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Swap donations stuck in bureaucratic tangle

Till a month ago, Chhattisgarh resident Kumud Patel, 26, and Mumbai resident Bharti Thakkar, 50, were complete strangers. They have only one thing in common - both suffer from end stage kidney disease and require urgent kidney transplants.

mumbai Updated: Sep 13, 2012 02:21 IST
Priyanka Vora

Till a month ago, Chhattisgarh resident Kumud Patel, 26, and Mumbai resident Bharti Thakkar, 50, were complete strangers. They have only one thing in common - both suffer from end stage kidney disease and require urgent kidney transplants.

Patel's maternal uncle, Mukesh Kumar, is ready to donate her a kidney but his blood group (B-positive) does not match hers. Thakkar's husband, Prakash, is willing to give his wife a kidney but their blood groups do not match.

Last month, Patel and Thakkar - both registered with the NGO Narmada Kidney Foundation - learned their blood groups matched with members from each other's family. Such 'swap donations' are allowed by an amendment to the Human Organ Transplant Act (HOTA) 1994.

Both Patel and Kumar are however, now waiting for a no-objection certificate (NOC) from the Chhattisgarh government.

"It will take another three months for us to get the NOC. Kumud has been on dialysis for more than three years. Her husband had offered to donate the kidney but was diagnosed with cancer while being screened," said Kumud's brother, Aakash Shrivastav.

Senior nephrologist and founder of NKF, Dr Bharat Shah, said: "Transplants save lives and the paperwork should not take more than a week. The procedural delay is affecting patients," said Dr Shah.

At present, a hospital-based authorisation committee decides permissions for live transplants. The state-level committee reviews cases with unrelated donors, and donors or recipients from outside the state. The procedure is particularly complicated for unrelated donors.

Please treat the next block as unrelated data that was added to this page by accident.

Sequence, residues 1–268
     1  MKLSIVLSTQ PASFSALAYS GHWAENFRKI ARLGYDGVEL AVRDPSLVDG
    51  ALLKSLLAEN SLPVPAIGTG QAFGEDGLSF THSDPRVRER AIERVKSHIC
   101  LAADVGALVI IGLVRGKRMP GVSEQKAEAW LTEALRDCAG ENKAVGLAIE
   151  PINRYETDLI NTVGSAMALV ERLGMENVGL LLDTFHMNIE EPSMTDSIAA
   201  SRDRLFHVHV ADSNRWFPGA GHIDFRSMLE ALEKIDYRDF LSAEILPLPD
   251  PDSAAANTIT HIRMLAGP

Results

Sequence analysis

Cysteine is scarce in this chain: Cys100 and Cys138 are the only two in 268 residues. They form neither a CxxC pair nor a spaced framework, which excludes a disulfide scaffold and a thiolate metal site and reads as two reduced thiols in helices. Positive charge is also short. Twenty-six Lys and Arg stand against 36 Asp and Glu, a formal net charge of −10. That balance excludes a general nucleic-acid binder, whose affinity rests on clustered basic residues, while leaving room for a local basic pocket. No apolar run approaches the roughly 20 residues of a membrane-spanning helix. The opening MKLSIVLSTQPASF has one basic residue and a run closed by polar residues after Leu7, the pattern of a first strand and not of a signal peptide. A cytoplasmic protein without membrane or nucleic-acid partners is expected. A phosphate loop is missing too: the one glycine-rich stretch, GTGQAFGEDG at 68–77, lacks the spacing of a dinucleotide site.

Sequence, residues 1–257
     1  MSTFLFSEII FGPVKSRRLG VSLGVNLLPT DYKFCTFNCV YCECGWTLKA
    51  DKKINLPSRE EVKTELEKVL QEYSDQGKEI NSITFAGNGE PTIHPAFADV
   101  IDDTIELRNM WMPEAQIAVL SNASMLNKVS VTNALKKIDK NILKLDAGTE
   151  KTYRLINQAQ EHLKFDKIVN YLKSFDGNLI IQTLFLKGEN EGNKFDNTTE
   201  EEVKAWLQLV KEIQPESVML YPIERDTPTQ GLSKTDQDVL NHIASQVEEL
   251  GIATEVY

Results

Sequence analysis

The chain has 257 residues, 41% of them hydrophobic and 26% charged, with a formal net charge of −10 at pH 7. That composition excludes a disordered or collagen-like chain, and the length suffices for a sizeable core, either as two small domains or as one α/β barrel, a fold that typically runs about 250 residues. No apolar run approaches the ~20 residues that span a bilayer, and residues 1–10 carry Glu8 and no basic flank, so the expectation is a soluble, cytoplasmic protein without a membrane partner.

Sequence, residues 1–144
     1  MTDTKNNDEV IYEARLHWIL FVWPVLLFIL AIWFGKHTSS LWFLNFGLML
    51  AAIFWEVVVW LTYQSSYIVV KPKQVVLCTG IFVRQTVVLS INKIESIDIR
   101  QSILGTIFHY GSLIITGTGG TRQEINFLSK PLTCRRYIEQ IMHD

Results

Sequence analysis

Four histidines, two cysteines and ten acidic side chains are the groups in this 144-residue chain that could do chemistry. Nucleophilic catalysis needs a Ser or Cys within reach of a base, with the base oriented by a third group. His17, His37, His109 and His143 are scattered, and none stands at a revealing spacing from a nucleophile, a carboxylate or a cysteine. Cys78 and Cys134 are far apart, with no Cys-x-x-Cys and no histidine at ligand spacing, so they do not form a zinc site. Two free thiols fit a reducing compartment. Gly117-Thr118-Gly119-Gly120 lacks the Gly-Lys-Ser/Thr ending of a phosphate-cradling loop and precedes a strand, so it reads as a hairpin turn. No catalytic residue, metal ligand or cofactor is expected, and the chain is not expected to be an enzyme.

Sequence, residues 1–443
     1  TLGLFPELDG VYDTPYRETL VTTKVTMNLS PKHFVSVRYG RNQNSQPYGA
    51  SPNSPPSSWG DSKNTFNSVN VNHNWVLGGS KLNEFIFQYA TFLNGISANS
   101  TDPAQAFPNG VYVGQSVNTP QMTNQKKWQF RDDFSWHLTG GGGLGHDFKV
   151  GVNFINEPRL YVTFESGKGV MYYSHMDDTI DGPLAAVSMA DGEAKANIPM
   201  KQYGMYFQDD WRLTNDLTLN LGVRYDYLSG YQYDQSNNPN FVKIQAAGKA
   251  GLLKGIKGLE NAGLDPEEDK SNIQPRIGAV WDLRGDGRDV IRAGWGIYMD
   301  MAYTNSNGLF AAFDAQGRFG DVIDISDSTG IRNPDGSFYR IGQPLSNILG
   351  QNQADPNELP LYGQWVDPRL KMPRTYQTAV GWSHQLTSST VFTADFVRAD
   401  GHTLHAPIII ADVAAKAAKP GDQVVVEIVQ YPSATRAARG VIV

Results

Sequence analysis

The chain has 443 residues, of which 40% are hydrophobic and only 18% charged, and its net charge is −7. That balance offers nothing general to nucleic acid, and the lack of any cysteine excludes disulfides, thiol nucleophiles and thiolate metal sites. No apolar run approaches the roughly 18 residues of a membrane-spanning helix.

"Any relative other than a parent, grandparent, the spouse and children are considered unrelated," said Dr N Hase, head of nephrology department, KEM Hospital, Parel.

For 27 recognised transplant centres in Mumbai region, the state health department has only one state health official.

In one case, the documents were rejected because the notary's stamp was not visible.

Dr Bhavna Shah, transplant coordinator, Jaslok Hospital, said: "The state officials come up with a new document to submit in every meeting."

According to Dr Pravin Shingare, director of Directorate of Medical Education and Research, a recent Supreme Court judgment states that if a patient is undergoing a transplant surgery outside his domicile state, he needs a NOC from his domicile.

"I sometimes call the state health secretary to request them to set up a system to grant transplant-related NOC at the earliest," said Shingare.

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